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Community Development facilitates open-minded discussion

by Alaina Jonathan - Contributing Writer
Wed, Apr 17th 2019 01:55 pm

 

 

Talking about controversial topics can quickly get heated, especially when discussing things like politics or abortion. Typically, if the conversation turns into an argument, the two people are likely not to see the other person’s point. The National Week of Conversation is aimed at bridging the gap that divides us all. 

The Office of Community Development at the College at Brockport joined many other universities and high schools in participating in the National Week of Conversation. Their slogan is, “mending the frayed social fabric and bridging divides one conversation at a time.”

This is exactly the goal of the Office of Community Development at Brockport. Graduate Assistant for Democratic Engagement Justin Sullivan and other community ambassadors helped to get this week organized. 

“Often times people do not know how to have conversations about controversial issues,” Sullivan said. “Either they back down or they are very abrasive and end up fighting,” 

The National Week of Conversation aims to end the stress that is associated with family get-togethers and other social gatherings.  

 “Holidays are the most stressful times for families because of politics,” Sullivan said. “We have so many students say ‘I don’t speak to this family member because we don’t agree about politics.’” 

Here at the college, the office put together a full week of different events held in the Seymour College Union to help students see that there is a correct way to speak about controversial topics. 

On Monday, April 8 the organization had students sign a pledge to listen first, as well as discuss uncomfortable topics over food to emulate a dinner party setting. Tuesday, April 9  seemed to be most popular day with “Tee Shirt Tuesday,” letting students design whatever they wanted on these T-shirts as a form of expression.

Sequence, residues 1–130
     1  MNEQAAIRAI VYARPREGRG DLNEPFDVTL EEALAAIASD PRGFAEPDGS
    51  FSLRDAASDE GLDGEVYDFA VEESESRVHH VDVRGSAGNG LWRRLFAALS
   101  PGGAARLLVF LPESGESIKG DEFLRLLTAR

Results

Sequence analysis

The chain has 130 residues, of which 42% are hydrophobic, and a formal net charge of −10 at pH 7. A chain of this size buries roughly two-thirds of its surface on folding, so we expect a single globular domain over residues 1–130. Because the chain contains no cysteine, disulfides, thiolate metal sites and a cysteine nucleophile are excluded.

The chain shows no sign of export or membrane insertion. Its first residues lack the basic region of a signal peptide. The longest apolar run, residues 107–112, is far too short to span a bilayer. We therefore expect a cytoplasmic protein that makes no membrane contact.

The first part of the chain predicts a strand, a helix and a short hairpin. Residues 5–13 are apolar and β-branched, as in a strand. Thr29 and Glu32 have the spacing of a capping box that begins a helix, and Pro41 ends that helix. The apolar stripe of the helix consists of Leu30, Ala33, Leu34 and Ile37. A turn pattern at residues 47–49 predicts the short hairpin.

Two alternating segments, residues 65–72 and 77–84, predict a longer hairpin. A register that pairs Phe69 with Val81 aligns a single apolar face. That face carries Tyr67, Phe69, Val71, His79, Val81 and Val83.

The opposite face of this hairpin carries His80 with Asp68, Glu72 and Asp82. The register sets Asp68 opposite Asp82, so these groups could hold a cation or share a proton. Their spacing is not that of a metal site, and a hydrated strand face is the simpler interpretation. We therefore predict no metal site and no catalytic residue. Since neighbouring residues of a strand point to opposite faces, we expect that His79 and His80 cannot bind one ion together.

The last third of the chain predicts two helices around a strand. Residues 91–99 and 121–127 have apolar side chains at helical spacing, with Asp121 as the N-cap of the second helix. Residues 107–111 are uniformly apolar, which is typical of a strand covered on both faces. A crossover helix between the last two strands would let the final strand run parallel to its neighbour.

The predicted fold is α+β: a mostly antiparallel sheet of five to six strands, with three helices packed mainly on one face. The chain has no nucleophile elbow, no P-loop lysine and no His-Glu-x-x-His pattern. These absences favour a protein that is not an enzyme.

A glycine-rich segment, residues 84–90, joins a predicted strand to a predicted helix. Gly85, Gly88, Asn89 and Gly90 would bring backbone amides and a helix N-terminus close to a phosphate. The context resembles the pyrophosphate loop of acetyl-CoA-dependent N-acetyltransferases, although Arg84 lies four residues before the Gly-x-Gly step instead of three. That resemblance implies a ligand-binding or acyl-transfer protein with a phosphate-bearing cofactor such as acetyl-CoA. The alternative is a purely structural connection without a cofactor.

“The reason for T-shirt Tuesday is to promote self-expression but to also be a conversation starter,” Sullivan said. “It didn’t have to be political, you really realize people’s values through self-expression.”

On Friday, April 12, the final day of the National Week of Conversation, the office had  students write letters to Congress on postcards. They were able to write about anything that was bothering them and could send them out that same day. 

“When you write to congress or any other representative you get a response, and that’s something I really want our students to see,” Sullivan said. “Writing a card to congress is far more productive than going on Twitter and complaining.”

Associate Director of the Office of Community Development Kim Piatt was one of the members involved with the planning of the week. This week of conversation impacted many different levels of the community. 

“For me, it is an opportunity for all members of the community to connect with each other and explore the various beliefs and experiences that shape the ways we view politics and policy,” Piatt said. 

Students reactions have been overwhelmingly supportive of the participation from the events that have been put together in the Union and also by tabling alone. 

“Change happens when people can see both sides and find a happy medium,” Sullivan said. “The response has been overall very positive and it means a lot people take time out of their day to learn about this.” 

Paitt agreed that the response has been favorable. 

“The response has been really positive,” Piatt said. “People seem to appreciate the opportunity to have their voices heard and engage in conversation with each other.”

Change in conversation is not something that is going to happen overnight. Many things in this country contribute to why the conversation is as divided as it is. 

“It’s one step at a time, but by doing National Week of Conversation we aren’t saying we’re going to bring peace to Brockport,” Sullivan said. “We have a divided country; it’s always been that way, but now it’s being brought to the forefront.” 

The hope is to help people ease into these controversial topics better and have more of a constructive conversation rather than something negative. 

“The national week of conversation allows people to not stress about talking about controversial issues,” Sullivan said. 

The Office of Community Development is striving to promote the “listen first” mindset, along with the idea that no one is right or wrong as long as they are not hateful. This belief is perpetuated by the National Week of Conversation. 

 “I think it would be great to have at other schools,” Piatt said. “It is a national movement so I’m not sure what their reach currently is but I certainly would recommend it to other colleges.”

It all starts with one conversation at a time, and if able to do so and spread the word, other colleges can follow in the same path at The College at Brockport.  

 

ajona3@brockport.edu | @alainajonathan3

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